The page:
According to Bloomberg New Energy Finance analysts, about US$9 billion was invested in large wind and solar projects in Australia in 2017, a 150% uplift on 2016. And there is an economic incentive to continue this fast rate of growth – in Australia, as in the US, Spain and Italy, energy generated from solar is already just as cheap to produce as that from coal. And the average cost of solar energy is forecast to decrease by another 66% by 2040. Wind will also become more appealing as an energy source. Onshore costs are forecast to fall 47%…
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According to Bloomberg New Energy Finance analysts, about US$9 billion was invested in large wind and solar projects in Australia in 2017, a 150% uplift on 2016. And there is an economic incentive to continue this fast rate of growth – in Australia, as in the US, Spain and Italy, energy generated from solar is already just as cheap to produce as that from coal.
And the average cost of solar energy is forecast to decrease by another 66% by 2040.
Wind will also become more appealing as an energy source. Onshore costs are forecast to fall 47% by 2040 as turbines become more efficient, while offshore costs of energy production could fall by as much as 71% as operators become more experienced and realise greater economies of scale.
Given these economic incentives it makes sense for Bloomberg to anticipate that, of the total US $10.2 trillion analysts forecast will be spent on new energy generation globally from now until 2040, 72% will be on new solar and wind plants.
Combined with the fact that people are becoming more environmentally-conscious in the era of climate change, these economic drivers could be a boon for Australian green energy providers.
An exciting junior energy company on the ASX worth taking a close look at is Genex Power Ltd (ASX: GNX). Its flagship project is the Kidston Renewable Energy hub, located in Far-North Queensland. Genex has received $9 million worth of funding for the project from the Australian Renewable Energy Agency, and it is backed by the Queensland Government through a 20-year revenue support deed.
Genex has taken the novel approach of converting an old gold mine into a hydro plant made up of two reservoirs, one located higher than the other, which are connected via a pump.
Not far from the hydro plan is a massive 270MW solar power facility. During times of low energy consumption when not all of the solar energy produced by the facility is required by the national electricity grid, the excess energy is used to pump water from the lower level reservoir into the higher one.
At peak times, when more energy is required by the grid, water is released from the upper reservoir and flows through power-generating turbines back into the lower reservoir. At these times, energy from both the hydro plant and the solar plant is injected into the grid.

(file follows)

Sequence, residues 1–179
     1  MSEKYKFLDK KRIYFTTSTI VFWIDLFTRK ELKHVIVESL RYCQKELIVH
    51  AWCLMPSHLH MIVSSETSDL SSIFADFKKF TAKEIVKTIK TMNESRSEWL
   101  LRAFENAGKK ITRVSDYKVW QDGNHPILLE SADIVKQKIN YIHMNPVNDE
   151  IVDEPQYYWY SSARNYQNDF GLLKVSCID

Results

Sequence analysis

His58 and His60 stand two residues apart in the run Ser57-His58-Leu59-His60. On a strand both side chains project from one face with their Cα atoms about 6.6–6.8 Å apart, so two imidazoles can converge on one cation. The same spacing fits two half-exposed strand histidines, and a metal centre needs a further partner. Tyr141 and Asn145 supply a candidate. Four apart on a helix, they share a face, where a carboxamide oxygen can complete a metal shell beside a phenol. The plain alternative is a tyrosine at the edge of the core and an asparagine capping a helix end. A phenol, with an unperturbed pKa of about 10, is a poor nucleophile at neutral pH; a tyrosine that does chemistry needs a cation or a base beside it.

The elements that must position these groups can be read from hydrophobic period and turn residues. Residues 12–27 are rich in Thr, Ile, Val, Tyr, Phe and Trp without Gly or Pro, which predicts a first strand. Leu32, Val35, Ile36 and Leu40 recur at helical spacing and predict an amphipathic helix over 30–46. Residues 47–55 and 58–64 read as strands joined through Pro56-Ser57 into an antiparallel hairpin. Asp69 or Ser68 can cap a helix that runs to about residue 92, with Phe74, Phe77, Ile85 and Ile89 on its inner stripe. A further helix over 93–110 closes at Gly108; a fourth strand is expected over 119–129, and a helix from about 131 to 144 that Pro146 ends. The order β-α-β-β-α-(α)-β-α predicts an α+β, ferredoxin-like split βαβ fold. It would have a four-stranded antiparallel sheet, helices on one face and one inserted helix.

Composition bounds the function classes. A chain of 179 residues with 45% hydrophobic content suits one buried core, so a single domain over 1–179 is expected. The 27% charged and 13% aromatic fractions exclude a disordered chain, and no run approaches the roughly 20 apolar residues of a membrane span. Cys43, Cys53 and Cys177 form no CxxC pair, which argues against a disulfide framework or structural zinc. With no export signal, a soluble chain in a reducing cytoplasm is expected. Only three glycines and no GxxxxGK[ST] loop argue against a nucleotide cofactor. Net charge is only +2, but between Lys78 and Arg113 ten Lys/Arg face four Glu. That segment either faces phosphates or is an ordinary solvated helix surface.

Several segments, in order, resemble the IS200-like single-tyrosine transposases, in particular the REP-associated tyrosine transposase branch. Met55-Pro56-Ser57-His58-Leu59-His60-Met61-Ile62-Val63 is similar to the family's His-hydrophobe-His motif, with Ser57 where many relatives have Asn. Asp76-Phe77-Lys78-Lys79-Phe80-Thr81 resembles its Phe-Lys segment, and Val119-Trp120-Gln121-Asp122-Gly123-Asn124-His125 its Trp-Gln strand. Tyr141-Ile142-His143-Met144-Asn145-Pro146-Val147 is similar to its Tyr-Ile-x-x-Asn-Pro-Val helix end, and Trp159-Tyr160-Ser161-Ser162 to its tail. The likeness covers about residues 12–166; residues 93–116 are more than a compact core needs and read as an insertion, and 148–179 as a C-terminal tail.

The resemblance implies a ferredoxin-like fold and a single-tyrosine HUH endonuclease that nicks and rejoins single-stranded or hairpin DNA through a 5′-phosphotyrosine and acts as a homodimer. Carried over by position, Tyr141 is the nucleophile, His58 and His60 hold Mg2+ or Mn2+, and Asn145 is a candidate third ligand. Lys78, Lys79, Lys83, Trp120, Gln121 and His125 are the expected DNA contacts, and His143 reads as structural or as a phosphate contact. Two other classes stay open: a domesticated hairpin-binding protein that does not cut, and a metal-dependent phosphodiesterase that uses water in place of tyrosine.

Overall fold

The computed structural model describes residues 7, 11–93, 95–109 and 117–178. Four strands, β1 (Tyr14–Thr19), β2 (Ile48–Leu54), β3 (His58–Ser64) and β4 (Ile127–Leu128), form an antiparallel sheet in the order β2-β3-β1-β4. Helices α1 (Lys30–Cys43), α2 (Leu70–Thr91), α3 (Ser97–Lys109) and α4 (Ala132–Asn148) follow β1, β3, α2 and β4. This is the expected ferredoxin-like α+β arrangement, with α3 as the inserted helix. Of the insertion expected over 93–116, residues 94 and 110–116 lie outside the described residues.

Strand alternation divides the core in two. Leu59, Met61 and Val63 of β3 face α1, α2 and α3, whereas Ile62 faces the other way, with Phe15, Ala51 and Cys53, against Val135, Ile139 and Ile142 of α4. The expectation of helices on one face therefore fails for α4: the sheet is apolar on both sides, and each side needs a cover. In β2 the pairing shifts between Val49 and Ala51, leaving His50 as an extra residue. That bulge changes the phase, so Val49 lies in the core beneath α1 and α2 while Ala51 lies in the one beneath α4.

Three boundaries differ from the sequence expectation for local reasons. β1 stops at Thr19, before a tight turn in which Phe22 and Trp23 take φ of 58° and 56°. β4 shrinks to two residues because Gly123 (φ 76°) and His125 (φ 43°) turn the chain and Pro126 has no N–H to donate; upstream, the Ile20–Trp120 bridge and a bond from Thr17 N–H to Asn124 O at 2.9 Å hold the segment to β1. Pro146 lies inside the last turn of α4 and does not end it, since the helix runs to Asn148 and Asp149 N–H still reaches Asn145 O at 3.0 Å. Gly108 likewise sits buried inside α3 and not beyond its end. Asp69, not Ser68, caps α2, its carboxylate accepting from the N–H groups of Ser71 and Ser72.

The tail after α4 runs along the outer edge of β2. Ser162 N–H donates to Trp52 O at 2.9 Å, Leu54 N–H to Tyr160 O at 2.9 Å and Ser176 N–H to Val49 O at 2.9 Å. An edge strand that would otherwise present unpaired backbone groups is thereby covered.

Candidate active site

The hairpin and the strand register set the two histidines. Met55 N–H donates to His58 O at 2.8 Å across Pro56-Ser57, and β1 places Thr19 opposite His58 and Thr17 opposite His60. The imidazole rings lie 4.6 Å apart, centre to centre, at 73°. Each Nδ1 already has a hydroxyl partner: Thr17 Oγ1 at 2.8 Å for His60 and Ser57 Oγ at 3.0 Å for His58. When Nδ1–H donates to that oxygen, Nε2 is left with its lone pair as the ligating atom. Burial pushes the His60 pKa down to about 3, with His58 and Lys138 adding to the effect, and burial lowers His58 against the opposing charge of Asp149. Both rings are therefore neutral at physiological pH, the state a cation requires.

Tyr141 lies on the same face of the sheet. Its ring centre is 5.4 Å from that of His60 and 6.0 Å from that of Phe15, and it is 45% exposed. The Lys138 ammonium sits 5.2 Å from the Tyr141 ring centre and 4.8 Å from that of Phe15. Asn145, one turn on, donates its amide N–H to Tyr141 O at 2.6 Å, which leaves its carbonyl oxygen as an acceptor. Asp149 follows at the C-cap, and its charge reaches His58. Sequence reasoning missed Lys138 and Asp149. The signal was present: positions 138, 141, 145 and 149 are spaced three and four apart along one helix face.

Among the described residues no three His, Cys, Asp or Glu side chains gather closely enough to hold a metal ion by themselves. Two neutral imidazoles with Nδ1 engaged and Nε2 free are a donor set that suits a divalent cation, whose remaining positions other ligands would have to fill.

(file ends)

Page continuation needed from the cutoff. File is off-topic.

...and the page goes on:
Therefore, the hydro plant effectively “stores” excess solar energy for later use. Genex claims that once it is fully operational, the combined solar and hydro plants will be capable of powering 143,014 homes and should bring in at least $15 million in annual revenues.
Another company with growth potential is Carnegie Clean Energy Ltd (ASX: CCE). It specialises in micro-grid energy projects for island or remote and fringe communities, with a focus on solar and wave-generated energy as well as battery storage facilities.
February has so far been an exciting month for Carnegie. On Feb 8 it announced that its wholly-owned subsidiary Energy Made Clean, in partnership with global construction firm Lendlease Group (ASX: LLC), had been awarded a $6.8 million contract to deliver a 5MW battery storage facility in Kalbarri in WA. A week later, Energy Made Clean and Lendlease were also awarded a $7 million contract to build a 5MW solar plant in Newcastle, NSW.
Currently Carnegie isn’t turning a profit, but if it can continue to secure new projects at this rate it could be setting itself up for periods of strong growth in years to come.
Finally, Infigen Energy Ltd (ASX: IFN) is also worthy of a place on your watch lists. It operates 6 wind energy sites in SA, as well as an energy storage facility in NSW. However, it also has 9 new wind sites and 8 new solar sites in its development pipeline, though many of these have only reached the early stages in the approval process.
Its second quarter production report was disappointing, with quarterly production generated and sold all well down on the prior comparative period, though total first half 2018 revenue was up 2% versus 1H17 to $118.2 million.
Although these three local companies are still only speculative bets at present, if Bloomberg’s long-term predictions for clean energy demands do materialise, they could be set to benefit. Genex in particular will definitely be worth keeping a close eye on.
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Motley Fool contributor Rhys Brock has no position in any of the stocks mentioned. The Motley Fool Australia has no position in any of the stocks mentioned. We Fools may not all hold the same opinions, but we all believe that considering a diverse range of insights makes us better investors. The Motley Fool has a disclosure policy. This article contains general investment advice only (under AFSL 400691). Authorised by Bruce Jackson.